Tis in my memory lock’d, and you shall keep the key of it. — Shakespeare, Hamlet
Recent events have caused me to think about the use of assessment tools in the determination of a person’s “fitness” for duty. The use of the Mini Mental Status Exam (MMSE) has long been used to screen for the presence of early dementia. There is another tool, The Montreal Cognitive Assessment or (MOCA) that has been compared to the MMSE as a valid tool for assessing signs of dementia.
The use of narrow, specific tools of mental function will reveal narrow, specific results. The use of a screening tool for dementia will only show that an individual has no signs of early dementia. That is all it will show. Personality pathology or other mental illnesses will not be demonstrated in such a narrowly focused screening.
If it is our goal to completely assess a person’s true mental state, then a full, psychiatric/psychological evaluation would be in order. A person suffering from depression, bipolar disorder, borderline personality disorder or narcissistic personality disorder would require a full evaluation to get a true picture of their mental state.
We define ourselves by our memories, and feel that we know ourselves by our memory. It is important for us to know that our memories are not all our conscious “holdings”. Memory is conscious, unconscious and somewhere in between. If we all take a moment, we can see it in action. Thinking about something that happened yesterday or a few days ago seems to come pretty easily to most of us. Remembering a trauma is more difficult, and often full of holes. We can remember parts, and suppress others because of the pain they cause. Suppression of memory is both a conscious action and an unconscious action. The use of a memory assessment tool like the MOCA or MMSE will only get at the memories that are not suppressed, and will only show us how the brain is functioning. It does not show us anything about the mind of the person.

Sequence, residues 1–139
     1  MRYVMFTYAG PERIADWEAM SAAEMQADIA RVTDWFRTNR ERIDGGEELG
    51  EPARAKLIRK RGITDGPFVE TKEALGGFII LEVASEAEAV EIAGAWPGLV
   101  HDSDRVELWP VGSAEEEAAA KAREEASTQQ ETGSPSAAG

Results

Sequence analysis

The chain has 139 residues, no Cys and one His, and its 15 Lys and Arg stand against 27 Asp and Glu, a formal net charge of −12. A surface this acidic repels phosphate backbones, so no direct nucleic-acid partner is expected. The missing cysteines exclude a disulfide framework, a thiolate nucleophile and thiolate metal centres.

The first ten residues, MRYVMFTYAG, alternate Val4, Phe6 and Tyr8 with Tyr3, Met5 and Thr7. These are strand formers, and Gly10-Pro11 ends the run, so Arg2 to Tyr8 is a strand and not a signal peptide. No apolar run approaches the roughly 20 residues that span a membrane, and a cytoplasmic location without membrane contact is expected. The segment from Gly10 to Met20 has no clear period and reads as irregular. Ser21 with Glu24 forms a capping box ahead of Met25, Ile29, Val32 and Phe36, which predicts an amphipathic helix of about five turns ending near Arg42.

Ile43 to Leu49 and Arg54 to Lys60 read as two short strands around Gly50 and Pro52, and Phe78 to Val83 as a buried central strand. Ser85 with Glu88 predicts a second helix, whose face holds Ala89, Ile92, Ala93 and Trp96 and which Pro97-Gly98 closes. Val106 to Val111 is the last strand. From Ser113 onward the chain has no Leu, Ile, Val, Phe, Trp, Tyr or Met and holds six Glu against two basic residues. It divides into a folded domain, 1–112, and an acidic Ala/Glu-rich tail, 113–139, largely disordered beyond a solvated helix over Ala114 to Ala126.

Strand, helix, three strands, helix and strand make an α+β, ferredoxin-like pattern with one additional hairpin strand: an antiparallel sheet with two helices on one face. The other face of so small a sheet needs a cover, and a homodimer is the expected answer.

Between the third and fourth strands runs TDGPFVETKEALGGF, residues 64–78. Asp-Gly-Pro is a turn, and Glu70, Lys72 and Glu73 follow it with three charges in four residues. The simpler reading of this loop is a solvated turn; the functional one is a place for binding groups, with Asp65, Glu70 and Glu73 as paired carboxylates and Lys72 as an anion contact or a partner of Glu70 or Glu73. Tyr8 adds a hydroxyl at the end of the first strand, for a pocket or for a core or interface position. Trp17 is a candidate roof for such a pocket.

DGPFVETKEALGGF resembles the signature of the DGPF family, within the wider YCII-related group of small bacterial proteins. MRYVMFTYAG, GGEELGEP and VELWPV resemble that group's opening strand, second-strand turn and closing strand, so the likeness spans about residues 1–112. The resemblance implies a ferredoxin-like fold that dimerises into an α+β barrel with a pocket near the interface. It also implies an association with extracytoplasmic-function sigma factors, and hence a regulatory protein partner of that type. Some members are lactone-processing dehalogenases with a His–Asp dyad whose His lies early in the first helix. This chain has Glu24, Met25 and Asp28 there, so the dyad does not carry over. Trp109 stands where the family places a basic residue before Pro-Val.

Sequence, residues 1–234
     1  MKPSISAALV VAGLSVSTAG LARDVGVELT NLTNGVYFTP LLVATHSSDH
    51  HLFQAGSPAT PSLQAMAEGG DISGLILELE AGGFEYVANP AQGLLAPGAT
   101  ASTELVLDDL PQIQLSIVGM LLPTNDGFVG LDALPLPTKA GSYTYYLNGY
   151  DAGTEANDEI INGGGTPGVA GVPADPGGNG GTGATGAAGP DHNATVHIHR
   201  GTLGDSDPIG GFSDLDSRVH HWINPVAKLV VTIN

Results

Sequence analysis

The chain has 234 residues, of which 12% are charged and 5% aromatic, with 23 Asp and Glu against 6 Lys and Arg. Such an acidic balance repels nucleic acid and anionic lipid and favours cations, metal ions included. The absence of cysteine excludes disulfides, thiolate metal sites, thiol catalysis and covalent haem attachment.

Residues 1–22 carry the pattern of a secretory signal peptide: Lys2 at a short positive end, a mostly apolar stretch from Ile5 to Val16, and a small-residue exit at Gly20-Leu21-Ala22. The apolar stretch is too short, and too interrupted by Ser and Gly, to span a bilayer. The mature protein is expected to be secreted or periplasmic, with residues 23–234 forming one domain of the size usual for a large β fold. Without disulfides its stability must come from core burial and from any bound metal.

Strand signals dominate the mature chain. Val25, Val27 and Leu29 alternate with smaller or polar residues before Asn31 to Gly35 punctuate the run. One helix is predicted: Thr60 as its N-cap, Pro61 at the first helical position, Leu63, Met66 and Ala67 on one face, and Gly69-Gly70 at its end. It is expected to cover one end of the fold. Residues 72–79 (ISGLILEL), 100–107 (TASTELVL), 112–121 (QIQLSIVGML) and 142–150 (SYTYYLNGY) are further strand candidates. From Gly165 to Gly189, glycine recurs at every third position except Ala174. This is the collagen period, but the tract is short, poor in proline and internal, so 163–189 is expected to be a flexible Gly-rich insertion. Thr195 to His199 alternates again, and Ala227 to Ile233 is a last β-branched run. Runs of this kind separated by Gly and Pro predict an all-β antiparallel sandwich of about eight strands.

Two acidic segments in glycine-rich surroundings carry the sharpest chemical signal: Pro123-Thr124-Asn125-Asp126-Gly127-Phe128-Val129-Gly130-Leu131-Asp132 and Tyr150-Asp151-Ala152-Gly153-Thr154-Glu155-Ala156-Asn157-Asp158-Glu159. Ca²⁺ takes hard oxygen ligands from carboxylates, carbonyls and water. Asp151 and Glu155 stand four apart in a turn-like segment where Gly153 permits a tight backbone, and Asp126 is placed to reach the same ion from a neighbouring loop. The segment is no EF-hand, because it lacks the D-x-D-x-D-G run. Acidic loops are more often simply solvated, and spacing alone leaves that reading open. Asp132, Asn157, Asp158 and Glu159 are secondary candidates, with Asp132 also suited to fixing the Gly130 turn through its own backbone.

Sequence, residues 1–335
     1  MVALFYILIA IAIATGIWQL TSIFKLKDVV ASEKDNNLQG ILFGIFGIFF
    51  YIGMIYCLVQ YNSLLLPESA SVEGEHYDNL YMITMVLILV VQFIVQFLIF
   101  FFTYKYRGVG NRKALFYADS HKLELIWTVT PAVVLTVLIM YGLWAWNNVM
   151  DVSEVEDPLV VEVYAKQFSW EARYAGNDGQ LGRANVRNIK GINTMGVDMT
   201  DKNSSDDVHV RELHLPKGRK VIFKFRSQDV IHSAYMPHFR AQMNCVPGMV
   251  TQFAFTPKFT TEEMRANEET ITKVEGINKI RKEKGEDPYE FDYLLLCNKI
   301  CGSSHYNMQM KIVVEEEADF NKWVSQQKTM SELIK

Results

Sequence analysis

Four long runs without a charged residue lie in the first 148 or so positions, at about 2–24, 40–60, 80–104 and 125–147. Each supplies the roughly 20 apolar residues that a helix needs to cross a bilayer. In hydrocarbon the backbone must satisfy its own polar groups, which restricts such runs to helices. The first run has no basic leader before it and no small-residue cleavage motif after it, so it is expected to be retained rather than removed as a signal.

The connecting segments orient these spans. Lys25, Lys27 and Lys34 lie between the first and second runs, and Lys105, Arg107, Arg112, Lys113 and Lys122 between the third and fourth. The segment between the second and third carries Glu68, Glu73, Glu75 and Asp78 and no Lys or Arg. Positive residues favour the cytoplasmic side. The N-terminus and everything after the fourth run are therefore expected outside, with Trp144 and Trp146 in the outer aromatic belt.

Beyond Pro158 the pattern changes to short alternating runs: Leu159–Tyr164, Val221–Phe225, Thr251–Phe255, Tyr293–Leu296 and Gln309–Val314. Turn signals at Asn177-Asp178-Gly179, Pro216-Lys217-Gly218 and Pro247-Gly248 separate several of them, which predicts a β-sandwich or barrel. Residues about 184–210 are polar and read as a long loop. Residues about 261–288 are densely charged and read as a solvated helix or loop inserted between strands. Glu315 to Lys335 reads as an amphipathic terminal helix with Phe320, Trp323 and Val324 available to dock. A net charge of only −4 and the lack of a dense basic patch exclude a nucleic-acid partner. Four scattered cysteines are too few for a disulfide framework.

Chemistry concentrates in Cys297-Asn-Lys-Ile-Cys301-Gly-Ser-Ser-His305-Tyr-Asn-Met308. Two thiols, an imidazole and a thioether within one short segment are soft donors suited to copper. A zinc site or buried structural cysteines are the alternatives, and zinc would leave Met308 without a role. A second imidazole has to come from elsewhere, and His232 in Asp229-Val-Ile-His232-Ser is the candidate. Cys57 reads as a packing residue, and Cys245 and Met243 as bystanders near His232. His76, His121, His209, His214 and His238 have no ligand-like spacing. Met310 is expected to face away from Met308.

We can, therefore, only say that the brain of the individual seems to be functioning when we look at the results of the tests and not anything about the state of the mind of the individual. I would argue then that taking such a test would not be adequate for the determination of an individual’s fitness for duty or ability to take on a weighty responsibility.
— Stephen Taylor, M. D.